There are often so many people to choose from at different price points, that the description that candidates write about themselves and a picture often become the items that drive a hiring decision.
The following are five easy-to-fix mistakes that are keeping you from getting hired or making more money — and how to fix them:
Mistake #1. Not thinking of yourself as a product. Even though everyone is in the service business, you have to think of yourself as a product. Think of your picture and profile as the packaging, your description as the package design (or the copy that gets the potential customer excited about the product), and your skills and knowledge as the features and capabilities of the product.
When your potential clients are searching the database and results pop up, it’s like looking across of grocery shelf filled with boxes. So your job is to describe and design yourself in a way that attracts exactly the kinds of jobs that you are best at and clients will hire you for again and again.
Mistake #2. An unprofessional picture. You must have a professional picture as part of your profile. It doesn’t have to be professionally taken, but it should be a headshot, meaning that it’s taken above the shoulders. Dress as you would going into an interview. In so many ways, when a client sees your pictures, it’s as if you just walked through the office door. So look your best and have a friendly smile. Your job profile isn’t Facebook, so avoid using overly casual pictures with silly clothes or hats.
Mistake #3. Your description is about your goals and not my needs. As a potential employer, I’m coming to your job profile with a specific project. If a description starts with your objective to grow your business or the kind of client you are looking for, I pass this by because it doesn’t match what I’m looking for. The way to get chosen is to focus on the keywords that best describe the tasks or skills that your ideal client is looking for. For example, if you are good at interviewing and doing market research on the phone, write that down because that is the task clients would be hiring you for. Your goal is to describe the talents and tasks that you love to do and that clients would want.
4. Your description is too conversational or just a list.Your description is the only face-to-face conversation you will have with a potential client. Don’t count on them calling you for an interview unless the description sounds like a professional introduction. The best and most appealing descriptions are those that are friendly, a little conversational (not overly so), and loaded with tasks, capabilities, and talents. Great descriptions are written in full sentences and say things like, “I’m great at writing keyword rich articles that sell.” Or “I can complete an hour-long transcription in two hours from the time you give it to me.”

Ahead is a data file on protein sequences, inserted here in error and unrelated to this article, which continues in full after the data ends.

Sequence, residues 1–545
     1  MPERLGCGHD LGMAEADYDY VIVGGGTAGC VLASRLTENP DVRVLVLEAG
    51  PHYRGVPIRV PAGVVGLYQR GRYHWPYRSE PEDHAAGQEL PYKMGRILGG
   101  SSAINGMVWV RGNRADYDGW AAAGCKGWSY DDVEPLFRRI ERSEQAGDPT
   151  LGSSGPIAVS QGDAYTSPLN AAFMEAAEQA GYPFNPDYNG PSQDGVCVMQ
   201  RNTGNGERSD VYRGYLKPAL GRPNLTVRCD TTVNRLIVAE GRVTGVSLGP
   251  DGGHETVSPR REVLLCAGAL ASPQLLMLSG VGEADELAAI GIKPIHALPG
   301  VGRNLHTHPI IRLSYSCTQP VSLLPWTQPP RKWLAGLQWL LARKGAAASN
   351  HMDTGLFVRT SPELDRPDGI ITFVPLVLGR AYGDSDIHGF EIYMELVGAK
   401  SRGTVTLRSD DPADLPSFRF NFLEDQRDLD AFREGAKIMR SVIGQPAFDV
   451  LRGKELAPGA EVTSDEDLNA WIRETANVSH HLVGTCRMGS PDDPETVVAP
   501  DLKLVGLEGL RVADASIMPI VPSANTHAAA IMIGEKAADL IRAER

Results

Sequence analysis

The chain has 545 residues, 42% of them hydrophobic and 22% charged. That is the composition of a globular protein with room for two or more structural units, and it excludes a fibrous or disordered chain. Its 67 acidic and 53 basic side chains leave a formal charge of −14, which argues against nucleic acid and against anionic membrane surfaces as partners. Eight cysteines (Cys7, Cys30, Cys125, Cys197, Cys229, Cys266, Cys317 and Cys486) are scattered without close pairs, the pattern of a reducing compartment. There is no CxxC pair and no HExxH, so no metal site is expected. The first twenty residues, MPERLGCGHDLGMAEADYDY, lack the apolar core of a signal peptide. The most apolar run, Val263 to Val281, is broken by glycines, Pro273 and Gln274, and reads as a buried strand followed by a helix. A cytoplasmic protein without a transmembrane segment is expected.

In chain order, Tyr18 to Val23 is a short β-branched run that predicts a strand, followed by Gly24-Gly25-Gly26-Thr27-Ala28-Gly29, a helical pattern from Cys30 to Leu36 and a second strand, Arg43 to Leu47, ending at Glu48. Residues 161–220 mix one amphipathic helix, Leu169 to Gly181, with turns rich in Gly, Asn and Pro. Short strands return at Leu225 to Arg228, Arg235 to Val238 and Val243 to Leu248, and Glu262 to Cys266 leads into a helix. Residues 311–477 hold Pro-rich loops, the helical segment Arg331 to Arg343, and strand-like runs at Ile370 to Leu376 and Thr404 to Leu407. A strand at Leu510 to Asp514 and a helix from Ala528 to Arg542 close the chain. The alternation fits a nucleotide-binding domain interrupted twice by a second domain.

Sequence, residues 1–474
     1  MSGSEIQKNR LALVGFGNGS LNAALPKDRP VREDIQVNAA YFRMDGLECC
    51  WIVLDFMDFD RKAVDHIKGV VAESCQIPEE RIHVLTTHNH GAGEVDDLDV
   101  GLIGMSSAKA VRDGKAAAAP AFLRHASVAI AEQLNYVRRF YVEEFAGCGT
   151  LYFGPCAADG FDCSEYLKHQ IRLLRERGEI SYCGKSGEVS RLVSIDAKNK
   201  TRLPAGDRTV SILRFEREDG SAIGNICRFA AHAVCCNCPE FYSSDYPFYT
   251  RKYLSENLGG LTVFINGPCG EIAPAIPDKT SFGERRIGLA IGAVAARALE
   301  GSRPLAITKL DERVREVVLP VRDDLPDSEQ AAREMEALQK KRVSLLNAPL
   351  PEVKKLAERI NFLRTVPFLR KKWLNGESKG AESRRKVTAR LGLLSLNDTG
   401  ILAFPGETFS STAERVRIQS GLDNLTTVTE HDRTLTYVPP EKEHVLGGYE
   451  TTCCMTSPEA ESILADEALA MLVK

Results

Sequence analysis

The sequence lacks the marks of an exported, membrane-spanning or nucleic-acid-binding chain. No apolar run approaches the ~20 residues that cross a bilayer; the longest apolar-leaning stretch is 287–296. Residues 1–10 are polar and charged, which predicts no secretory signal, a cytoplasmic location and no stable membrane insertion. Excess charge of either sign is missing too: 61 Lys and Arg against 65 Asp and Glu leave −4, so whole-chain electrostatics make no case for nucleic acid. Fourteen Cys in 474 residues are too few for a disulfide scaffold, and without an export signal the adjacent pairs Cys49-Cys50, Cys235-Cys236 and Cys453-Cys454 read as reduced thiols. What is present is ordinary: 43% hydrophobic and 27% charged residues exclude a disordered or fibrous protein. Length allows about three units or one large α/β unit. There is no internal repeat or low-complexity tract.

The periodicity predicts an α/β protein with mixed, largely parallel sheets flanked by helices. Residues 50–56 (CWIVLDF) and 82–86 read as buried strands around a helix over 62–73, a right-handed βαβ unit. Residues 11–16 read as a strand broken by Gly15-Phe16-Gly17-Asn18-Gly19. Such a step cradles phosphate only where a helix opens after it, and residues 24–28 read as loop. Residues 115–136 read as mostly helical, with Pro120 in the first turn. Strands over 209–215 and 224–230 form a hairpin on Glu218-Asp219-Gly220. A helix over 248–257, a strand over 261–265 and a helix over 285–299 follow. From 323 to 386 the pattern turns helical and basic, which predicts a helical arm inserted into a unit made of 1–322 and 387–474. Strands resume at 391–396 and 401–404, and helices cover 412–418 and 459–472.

5. Too many different skills and abilities in the description. While it’s possible that you have many skills, talents and abilities, it’s best to focus on the ones you love to do most or the ones where you perform the highest quality work. Placing too many skills in an overview description won’t attract more customers, it will attract less. When potential clients see too many skills, they won’t know which ones you do best. Focus on what you want to be known for. You can list the others, but don’t describe or “sell” more than five unrelated skills — especially when these skills are different such as programming and copywriting. If that is your talent than only focus on those two and don’t confuse people with more.
These are the five top areas that I look at in helping me choose a contractor. If you look closely, you’ll see that so many of the mistakes come from treating the profiling forms as forms and not conversations with an employer. When you treat your profile as a conversation with a potential employer, more ideal employers will be drawn to you.
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